afaqs!

Ramkrishna Gopi Yadav: The man who does it all

By Surina Sayal , afaqs!, Mumbai | In Advertising | September 02, 2008
Lowe's Yadav juggles many hats, from being a creative director to lending his voice for voiceovers and acting in ads. He even plans to produce his own Hindi film some day

Thirty-two & #BANNER1 & # year old Ramkrishna Gopi Yadav, creative director at Lowe Mumbai, does not believe in limiting himself. Besides donning the creative hat at Lowe, he has juggled with doing voiceovers for ads, acting in an ad and writing plays and screenplays. He even harbours dreams of making a film some day.

At Lowe, Yadav has written campaigns for brands such as Pepsodent (Cheatercock), Axe, Kissan and Wheel. He began giving voiceovers for TV commercials and radio spots while working at O&M Delhi and continued to do so at Lowe. He has lent his voice to ads such as Doublemint Aquasplash (Fresh Rahoge Pyaar Milega), Idea, Axe Clicker (Click More, Keep Score), Havell's (Shock Laga) and Kissan (Chatakdar). He explains that often, as a writer, one feels that the voice artist is not doing justice to the script. In such situations, one has to step in.

Ramkrishna Gopi YadavYadav has also featured in the VIP Innerwear 'Adjust' ad as a middle class man trying to squeeze himself into an already packed bus seat. He is shocked that people actually recognise him from the ad, since he appeared only for a few seconds.

In a conversation with afaqs!, Yadav says, "My watchman recognised me and asked me about it, as did two strangers some time ago. No wonder Salman Khan and Shah Rukh Khan are so happy. Their faces are on TV all the time. Just imagine the recognition they get! Being recognised like this definitely made me feel good."

Hailing from Begusarai in Bihar, Yadav finished school and moved to Delhi for further studies. He graduated in Arts from Hans Raj College, Delhi. He says, "Being a person from North India and Bihar, your parents want you to become either an engineer or a doctor. If that fails, you have to get into the civil services. So, the idea was to finish graduation and study for the civil service entrance examination."

While preparing for the civil service examination, he realised that this was not something he wanted to do. At that time, one of his friends moved to Mumbai as a writer for films. "Writing was one thing that I wanted to do and which I want to do all through my life. That friend triggered off the whole thing. When I started thinking about coming to Mumbai, my family got very worried because there were so many people struggling in this city."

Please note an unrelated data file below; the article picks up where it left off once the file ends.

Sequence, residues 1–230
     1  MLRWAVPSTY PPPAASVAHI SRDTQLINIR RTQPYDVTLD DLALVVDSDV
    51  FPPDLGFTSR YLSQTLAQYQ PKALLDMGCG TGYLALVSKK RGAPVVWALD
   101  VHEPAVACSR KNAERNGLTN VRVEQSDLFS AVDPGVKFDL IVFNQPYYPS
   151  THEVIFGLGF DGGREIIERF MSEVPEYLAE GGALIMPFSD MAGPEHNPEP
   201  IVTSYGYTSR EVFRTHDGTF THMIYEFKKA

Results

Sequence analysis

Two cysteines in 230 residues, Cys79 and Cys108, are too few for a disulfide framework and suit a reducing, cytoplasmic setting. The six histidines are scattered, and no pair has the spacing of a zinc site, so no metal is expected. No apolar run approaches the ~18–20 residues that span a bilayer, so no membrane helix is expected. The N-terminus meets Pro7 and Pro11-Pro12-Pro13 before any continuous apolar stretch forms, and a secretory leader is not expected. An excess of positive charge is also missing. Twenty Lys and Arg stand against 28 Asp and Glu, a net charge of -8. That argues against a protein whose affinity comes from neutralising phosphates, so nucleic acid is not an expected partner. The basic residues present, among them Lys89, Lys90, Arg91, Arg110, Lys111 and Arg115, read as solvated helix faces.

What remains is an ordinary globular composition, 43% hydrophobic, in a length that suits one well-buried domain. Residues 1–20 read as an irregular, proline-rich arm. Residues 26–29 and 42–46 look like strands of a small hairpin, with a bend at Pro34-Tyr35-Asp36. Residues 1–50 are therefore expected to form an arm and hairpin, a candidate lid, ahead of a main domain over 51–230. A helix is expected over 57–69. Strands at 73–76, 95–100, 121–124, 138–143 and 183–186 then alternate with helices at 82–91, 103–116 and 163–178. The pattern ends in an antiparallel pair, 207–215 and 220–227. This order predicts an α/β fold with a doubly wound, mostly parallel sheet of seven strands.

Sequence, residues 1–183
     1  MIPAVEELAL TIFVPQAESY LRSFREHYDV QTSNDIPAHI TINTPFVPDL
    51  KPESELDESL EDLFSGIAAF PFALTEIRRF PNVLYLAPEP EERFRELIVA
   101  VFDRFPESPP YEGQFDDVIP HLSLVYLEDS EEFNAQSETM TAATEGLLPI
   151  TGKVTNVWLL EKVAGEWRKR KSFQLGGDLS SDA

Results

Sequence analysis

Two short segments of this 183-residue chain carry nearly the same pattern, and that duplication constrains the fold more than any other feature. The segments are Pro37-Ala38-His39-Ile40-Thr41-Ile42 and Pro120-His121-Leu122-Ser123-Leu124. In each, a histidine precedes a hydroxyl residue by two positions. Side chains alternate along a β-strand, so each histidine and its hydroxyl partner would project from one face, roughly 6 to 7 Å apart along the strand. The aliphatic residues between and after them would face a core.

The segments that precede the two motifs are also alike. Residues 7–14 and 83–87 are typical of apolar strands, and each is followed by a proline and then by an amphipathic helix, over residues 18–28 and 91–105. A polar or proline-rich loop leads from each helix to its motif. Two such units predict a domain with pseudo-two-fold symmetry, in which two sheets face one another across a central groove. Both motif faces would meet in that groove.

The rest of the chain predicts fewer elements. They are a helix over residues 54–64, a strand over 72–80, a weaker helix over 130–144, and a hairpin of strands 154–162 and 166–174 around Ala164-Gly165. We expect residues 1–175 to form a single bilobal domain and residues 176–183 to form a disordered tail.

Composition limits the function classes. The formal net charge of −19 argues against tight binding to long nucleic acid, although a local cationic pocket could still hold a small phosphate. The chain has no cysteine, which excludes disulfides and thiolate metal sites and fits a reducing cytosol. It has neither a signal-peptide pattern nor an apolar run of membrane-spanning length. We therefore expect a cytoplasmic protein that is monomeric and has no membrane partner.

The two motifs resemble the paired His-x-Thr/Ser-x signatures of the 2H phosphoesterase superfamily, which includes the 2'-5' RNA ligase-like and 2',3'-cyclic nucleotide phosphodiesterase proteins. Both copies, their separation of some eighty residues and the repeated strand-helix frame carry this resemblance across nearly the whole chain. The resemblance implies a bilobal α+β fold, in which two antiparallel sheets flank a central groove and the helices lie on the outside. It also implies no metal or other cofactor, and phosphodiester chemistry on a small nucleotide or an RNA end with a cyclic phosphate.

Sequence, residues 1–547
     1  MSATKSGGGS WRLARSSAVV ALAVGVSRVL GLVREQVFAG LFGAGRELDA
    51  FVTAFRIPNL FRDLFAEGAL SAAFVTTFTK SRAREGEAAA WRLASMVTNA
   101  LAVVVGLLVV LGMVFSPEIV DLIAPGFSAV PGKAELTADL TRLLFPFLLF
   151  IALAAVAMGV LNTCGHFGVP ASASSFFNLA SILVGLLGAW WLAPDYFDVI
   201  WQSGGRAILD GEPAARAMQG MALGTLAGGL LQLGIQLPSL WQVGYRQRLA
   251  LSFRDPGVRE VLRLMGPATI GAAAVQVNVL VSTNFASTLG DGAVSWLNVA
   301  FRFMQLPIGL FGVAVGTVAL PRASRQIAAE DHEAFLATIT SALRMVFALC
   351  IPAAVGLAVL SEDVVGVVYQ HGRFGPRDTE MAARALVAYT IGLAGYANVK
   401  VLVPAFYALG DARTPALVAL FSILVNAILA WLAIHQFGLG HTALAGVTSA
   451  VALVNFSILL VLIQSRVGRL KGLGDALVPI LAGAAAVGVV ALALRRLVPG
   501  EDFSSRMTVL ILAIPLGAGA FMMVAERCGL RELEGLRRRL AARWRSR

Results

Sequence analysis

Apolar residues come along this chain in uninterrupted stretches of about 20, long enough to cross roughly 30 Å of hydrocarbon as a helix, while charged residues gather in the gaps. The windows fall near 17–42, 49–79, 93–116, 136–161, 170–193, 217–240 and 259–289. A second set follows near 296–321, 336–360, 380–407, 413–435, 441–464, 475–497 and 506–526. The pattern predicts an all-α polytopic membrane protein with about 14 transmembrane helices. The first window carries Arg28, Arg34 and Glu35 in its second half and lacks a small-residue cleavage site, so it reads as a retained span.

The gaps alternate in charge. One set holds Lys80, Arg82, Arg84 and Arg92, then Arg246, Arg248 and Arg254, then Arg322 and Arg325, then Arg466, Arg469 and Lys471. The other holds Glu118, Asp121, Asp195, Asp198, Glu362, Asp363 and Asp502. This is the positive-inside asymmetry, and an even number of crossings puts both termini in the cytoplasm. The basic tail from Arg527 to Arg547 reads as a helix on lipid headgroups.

He adds, "One of my brother's friends, who studied journalism at the Indian Institute of Mass Communication (IIMC) in Delhi, recommended a course in journalism. I went and applied for advertising because it sounded so cool." He says that hordes of people applied for the 40 seats along with him. He was sure he wouldn't get through. Thanks to this, he appeared for the entrance exam "dil khol ke" (with a free mind) and, luckily enough, did get through.

"Suddenly, I was reading about Philip Kotler and honing up on advertising jargon. For the first time, I got to know how organised advertising was. I started reading up on international and Indian advertising and about the legends in advertising. My perspective on advertising changed," he says.

As part of his IIMC course, Yadav worked on a project for an apple juice marketed by the Himachal Pradesh government. He created a campaign with the tagline, 'Daba Ke Piyo', which he believes made his life because his work paid off when he went later to apply for a job.

"After college, everyone applied for internships. We thought O&M would be a great place to work. So, some 20 of us went to meet Soumya Sen at O&M Delhi. He was kind enough to meet all of us. He liked the campaign that I had created for the apple juice. It was used for some other campaign later and I don't know how it got out, but I had cracked it first for this college project," he says.

Sen liked Yadav's work on that project and took him on. He joined O&M Delhi in 2001 as an intern. His work on a radio spot for Limca helped him bag a position as a trainee, at a salary of Rs 4,000. He worked at O&M for three and a half years on brands such as Dabur, Ranbaxy, Limca, Essar Telecom and the first Pulse Polio Campaign with actor Amitabh Bachchan.

Later, when he was trying to move to Mumbai, he met R Balakrishnan (Balki) at Lowe, who hired him that very day. Yadav, inclined towards filmmaking, draws inspiration from Balki, who has made the critically acclaimed film, Cheeni Kum, and is now working on his second film, Pa.

Yadav is a total movie buff and says he enjoys films such as Deewar, Sholay and Teesri Kasam. He also likes the films made by Manmohan Desai, Priyadarshan, Martin Scorsese and Quentin Tarantino. He loves watching other language films as well. "I buy 20 DVDs at a time. I love sitting in my dark room and watching movies," he says.

Besides films, Yadav's other love is football - be it the Spanish or the English Premier League, and he is a diehard fan and supporter of Barcelona and Ronaldinho.